Welcome back to our series highlighting the dedicated amateur modelers trying to use data to predict the Oscars. We’ve previously talked to folks trying to pick the winners by looking at what people are talking about on Twitter and Google News, and also folks who use a big model with lots of variables and a simple model that uses only one or two. This week, we’re talking to two people trying to fake an Academy: One draws from his experience ranking college football teams to rank and pick Oscar winners, and the other is trying to hunt down online movie raters with the same taste as Academy members.
But before we get into that, a quick update on the FiveThirtyEight model!
An update to our Oscar predictions
This past weekend saw two awards ceremonies: the Eddie Awards from the American Cinema Editors guild and the Screen Actors Guild awards. The front-runners in three Oscar categories — Leonardo DiCaprio, Brie Larson and Alicia Vikander — were given a huge boost at the SAG awards; they are now the prohibitive favorites to win an Academy Award. That won’t change much over the next several weeks — perhaps the British Academy will give other contenders a boost at the BAFTAs — but based on the scoring so far, those three will likely go into Oscar night with big leads.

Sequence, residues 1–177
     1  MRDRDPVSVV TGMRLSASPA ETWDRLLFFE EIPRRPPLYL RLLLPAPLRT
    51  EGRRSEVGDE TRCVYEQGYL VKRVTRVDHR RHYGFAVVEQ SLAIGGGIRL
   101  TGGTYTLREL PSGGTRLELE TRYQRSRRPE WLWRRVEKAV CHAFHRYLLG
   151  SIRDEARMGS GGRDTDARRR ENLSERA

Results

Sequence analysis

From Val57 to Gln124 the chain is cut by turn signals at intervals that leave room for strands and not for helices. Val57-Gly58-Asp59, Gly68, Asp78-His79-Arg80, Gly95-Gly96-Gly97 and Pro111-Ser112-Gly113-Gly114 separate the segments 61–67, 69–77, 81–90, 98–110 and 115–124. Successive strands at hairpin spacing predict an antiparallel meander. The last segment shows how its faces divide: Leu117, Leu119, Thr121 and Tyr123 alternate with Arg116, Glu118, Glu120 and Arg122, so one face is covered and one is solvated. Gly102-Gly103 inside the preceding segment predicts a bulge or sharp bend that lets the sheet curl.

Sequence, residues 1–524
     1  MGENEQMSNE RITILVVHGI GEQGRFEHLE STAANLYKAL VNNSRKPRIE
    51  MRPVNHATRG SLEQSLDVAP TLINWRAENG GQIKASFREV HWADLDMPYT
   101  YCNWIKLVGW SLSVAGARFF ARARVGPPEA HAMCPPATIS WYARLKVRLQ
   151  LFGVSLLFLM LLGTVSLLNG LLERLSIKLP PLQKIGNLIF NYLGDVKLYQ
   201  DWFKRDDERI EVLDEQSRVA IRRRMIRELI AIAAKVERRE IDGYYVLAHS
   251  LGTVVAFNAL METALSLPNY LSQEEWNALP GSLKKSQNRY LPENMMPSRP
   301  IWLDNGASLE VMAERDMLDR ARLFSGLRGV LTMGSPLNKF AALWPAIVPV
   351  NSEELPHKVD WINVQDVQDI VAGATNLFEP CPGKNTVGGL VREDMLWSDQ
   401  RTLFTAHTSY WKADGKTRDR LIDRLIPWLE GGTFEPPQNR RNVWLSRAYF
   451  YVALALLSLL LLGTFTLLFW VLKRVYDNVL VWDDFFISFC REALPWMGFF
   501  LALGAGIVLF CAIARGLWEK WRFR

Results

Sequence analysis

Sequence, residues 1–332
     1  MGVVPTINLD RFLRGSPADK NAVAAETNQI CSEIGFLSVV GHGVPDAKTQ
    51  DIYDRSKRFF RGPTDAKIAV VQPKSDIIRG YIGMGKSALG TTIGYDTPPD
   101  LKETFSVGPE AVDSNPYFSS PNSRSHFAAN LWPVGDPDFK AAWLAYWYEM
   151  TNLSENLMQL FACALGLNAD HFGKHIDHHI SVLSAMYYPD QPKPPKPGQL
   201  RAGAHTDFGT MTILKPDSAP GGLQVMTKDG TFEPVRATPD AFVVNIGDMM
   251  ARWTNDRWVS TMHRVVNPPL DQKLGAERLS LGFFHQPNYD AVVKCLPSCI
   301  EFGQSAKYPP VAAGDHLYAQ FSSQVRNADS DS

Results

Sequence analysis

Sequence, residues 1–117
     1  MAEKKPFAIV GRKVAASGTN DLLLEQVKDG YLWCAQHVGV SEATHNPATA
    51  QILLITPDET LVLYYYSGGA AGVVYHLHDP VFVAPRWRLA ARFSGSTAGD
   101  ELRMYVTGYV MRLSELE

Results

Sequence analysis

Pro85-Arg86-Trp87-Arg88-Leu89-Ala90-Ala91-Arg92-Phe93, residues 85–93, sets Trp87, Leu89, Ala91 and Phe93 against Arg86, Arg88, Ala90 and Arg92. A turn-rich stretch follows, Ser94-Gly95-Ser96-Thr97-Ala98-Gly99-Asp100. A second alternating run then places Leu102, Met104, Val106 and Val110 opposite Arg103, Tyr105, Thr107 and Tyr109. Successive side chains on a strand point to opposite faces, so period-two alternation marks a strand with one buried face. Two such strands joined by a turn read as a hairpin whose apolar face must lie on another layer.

The best picture race is now a three-picture contest. “The Big Short” won the Eddie for comedy, “Mad Max: Fury Road” won the Eddie for best drama and “Spotlight” won the coveted Screen Actors Guild award for outstanding cast.
As a result, “Spotlight” almost recaptured the lead in the Oscar race from “The Big Short,” but it’s effectively a tie. With the BAFTAs and Writers Guild awards in two weeks, the race is still up for grabs, but whichever film ends up winning the top prize at the Directors Guild awards this weekend will likely go into Oscar night the favorite.
This leads us to the best supporting actor award, which is becoming a nightmare to forecast. The winner of the relatively predictive Screen Actors Guild award was Idris Elba (“Beasts of No Nation”), but he got snubbed for the Oscar nomination. This means the supporting actor Oscar race is somewhat bereft of data. In the absence of input from the SAG award, the best we’ve got is the Golden Globe, which went to Sylvester Stallone. With only the BAFTA and Satellite awards left in this category, we’re not going to get a decisive leader. So we’re kind of screwed there.